Torque Specification for 325i

I want to help my friend to change the summer tires, anyone knows the nut torque for 2003 BMW 325i ?
Please help..

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85 ft pounds.

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Interesting, my local BMW independent, who only works on BMWS, only recommends 70 ft-lb.!
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The problem with independents is that sometimes they are not up to date with the factory recommendations, and they work on older cars. Most BMWs built before 1990 probably had such low specs (heck I think for the 2002ti, it was only 60 lb-ft).
The factory recommendation for the E46 is 120 Nm +/- 10 Nm (88 lb-ft +/- 7 lb-ft).
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It depends on the wheels. In the US where all E46's were/are light-alloy wheels, 85 lb. is the spec. per the manual.
You should ask him why he recommends 70. For any car that is on the very low side.
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Let me clarify, for my 1990 535i, 100K, 5speed, my independent recommends 75 ft-lb. Hey, why risk warpping the brake rotors....
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If you think the spec will warp them, then why think 75 won't? Hell, get the kid down the block to hand-tighten them and be certain they won't warp :^)
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Don't be silly. The torque clamping the discs to hub has no influencer on warping.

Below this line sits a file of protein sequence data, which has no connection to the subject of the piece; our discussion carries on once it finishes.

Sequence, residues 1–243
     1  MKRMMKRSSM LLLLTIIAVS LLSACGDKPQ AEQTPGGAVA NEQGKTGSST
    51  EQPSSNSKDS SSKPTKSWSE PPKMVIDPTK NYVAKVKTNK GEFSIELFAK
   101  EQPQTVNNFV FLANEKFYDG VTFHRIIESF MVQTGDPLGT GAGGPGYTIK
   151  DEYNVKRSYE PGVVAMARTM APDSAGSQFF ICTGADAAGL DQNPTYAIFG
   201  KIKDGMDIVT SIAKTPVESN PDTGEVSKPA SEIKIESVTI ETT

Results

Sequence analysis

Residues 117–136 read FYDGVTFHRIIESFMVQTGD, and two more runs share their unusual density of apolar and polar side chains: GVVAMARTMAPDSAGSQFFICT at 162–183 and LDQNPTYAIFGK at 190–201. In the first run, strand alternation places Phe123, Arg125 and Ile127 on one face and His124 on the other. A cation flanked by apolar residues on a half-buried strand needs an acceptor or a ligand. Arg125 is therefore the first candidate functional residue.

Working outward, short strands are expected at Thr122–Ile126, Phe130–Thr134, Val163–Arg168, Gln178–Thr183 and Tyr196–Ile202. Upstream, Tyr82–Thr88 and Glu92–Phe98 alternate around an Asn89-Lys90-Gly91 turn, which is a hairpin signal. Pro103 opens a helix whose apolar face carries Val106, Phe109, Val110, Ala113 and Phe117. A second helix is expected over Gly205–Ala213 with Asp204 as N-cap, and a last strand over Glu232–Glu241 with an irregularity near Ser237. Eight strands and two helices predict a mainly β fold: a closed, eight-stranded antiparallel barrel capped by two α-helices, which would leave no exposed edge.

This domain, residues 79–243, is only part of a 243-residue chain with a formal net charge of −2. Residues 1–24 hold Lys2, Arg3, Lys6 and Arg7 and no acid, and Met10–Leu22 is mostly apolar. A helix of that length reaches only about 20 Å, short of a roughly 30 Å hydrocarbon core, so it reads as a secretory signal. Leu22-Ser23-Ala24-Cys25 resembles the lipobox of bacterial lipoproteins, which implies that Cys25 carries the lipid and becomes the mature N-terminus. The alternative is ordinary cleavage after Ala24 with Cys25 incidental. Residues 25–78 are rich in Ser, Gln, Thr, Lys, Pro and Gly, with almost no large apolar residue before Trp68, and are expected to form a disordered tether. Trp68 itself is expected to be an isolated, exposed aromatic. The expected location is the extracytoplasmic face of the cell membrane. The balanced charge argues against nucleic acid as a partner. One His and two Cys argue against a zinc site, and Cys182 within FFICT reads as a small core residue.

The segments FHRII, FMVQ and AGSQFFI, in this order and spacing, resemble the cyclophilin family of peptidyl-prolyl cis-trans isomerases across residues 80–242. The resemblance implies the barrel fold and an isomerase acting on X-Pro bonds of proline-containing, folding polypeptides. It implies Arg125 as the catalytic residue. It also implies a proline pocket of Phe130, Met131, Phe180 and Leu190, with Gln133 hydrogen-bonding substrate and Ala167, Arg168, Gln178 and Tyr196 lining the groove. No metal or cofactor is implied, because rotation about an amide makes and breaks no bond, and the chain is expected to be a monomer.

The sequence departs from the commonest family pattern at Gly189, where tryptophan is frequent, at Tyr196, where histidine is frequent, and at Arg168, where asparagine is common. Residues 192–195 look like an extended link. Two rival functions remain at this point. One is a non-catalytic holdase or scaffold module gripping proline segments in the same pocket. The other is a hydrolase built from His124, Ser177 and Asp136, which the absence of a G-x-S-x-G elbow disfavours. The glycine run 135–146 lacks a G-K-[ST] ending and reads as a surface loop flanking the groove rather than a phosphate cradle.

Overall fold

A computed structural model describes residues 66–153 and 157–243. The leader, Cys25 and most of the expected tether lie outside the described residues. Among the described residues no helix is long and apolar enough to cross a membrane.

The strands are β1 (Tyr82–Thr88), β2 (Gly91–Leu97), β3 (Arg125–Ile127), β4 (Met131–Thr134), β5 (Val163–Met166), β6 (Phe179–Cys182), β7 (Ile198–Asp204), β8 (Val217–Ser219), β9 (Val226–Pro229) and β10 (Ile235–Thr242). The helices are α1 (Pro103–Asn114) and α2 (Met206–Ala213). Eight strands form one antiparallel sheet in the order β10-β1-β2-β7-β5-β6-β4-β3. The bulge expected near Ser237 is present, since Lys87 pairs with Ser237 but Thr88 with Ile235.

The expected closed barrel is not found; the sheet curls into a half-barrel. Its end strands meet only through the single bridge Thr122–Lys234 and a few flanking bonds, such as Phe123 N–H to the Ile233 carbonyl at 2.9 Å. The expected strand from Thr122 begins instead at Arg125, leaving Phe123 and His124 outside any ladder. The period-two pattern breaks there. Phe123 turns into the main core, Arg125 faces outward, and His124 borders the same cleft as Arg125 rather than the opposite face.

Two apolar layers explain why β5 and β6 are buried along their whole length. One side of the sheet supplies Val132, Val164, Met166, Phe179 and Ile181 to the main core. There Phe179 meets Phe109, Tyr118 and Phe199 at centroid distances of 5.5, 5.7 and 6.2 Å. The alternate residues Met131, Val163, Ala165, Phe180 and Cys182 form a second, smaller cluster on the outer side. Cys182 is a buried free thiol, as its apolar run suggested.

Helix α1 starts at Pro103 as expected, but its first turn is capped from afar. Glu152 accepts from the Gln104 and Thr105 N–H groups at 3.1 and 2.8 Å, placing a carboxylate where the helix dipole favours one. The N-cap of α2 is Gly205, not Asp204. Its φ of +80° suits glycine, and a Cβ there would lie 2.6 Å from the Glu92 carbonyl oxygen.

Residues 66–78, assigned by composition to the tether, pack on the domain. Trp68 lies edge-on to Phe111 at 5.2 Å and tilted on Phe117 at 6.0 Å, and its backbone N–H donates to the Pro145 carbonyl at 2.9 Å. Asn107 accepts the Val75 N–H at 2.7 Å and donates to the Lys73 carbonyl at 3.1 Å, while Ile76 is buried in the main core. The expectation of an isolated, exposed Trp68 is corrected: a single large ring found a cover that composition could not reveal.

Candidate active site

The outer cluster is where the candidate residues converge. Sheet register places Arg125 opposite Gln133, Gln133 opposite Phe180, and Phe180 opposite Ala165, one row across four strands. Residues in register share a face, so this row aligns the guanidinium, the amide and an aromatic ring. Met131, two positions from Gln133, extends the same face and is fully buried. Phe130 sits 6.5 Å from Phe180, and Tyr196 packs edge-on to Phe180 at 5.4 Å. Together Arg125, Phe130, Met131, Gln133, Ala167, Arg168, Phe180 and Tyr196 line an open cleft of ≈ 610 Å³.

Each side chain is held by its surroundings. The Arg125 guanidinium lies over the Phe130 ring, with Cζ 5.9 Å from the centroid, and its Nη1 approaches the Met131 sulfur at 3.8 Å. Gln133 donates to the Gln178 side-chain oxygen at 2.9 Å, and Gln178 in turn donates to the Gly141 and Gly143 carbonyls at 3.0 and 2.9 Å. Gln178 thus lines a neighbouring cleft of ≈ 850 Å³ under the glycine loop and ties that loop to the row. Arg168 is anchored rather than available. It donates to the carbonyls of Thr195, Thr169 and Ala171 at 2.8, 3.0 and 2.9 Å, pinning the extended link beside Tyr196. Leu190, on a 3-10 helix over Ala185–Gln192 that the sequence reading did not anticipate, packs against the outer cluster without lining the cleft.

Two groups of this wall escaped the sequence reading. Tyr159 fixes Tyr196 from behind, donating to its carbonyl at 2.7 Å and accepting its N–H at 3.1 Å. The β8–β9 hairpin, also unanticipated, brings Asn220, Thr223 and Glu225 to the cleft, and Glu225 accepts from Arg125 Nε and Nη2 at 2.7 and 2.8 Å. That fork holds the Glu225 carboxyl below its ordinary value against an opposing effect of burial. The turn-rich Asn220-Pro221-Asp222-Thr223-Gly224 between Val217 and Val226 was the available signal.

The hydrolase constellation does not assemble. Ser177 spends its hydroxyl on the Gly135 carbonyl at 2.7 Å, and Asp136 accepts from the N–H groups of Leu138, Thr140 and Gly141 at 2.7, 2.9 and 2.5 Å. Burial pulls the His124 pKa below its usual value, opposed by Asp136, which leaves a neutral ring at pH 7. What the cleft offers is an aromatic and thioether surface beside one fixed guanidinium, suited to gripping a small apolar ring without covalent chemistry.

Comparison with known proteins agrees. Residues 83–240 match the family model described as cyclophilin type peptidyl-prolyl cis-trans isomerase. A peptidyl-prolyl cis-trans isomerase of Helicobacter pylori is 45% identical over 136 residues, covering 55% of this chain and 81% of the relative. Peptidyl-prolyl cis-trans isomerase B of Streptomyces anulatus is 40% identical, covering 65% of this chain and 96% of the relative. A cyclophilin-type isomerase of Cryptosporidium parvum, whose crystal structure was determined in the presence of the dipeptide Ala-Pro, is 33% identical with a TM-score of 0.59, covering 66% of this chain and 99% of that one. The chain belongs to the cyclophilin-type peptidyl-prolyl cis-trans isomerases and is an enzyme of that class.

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Dave Plowman snipped-for-privacy@davenoise.co.uk London SW
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Dave Plowman (News) wrote:

It can if the torque is uneven as the heat exchange to the wheel then becomes uneven. ...or so I have heard. Perhaps this is but another URL(Urban Automotive Legend)?
-Fred W
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wrote:

Torqueing itself won't warp rotors, but the expansion from heat buildup will, and to what I have read and heard the torque spec is devised to allow expected expansion without warping. I know on certain cars with certain composite rotors, the WJ grand Cherokee for example, torque levels at the lugs is a huge issue with keeping rotors true. So I don't think bfd's concern is unfounded, I just don't think it is well premised if the specified, or close to specified, torque input is used.
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"Dave Plowman (News)" wrote:

Sure it does. Had no problem with my 328 when it was new. After the dealer took the wheels off during service, the steering wheel would jerk to one side as I applied the brakes when coming to a traffic light. Went back and told them to torque the wheels properly - no more problem. (Could have done it myself, but I was pissed) Turns out the dealer couldn't properly balance the tires either. I decided to end our relationship.
Frank
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I'm sure they were happy to see the back of you too. ;-)
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bfd wrote:

You risk warping the rotors mostly when you have uneven torquing. I don't think 10 ft/lbs one way or another will make any difference. You toirque wrench is not likely to be that accurate anyway... Repeatable, yes, but absolute accurate, no.
-Fred W
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Why risk the lug bolts falling out?
The spec is 85 ft lb.

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I'll take the risk of warping the brake rotors over the risk of the wheels falling off.
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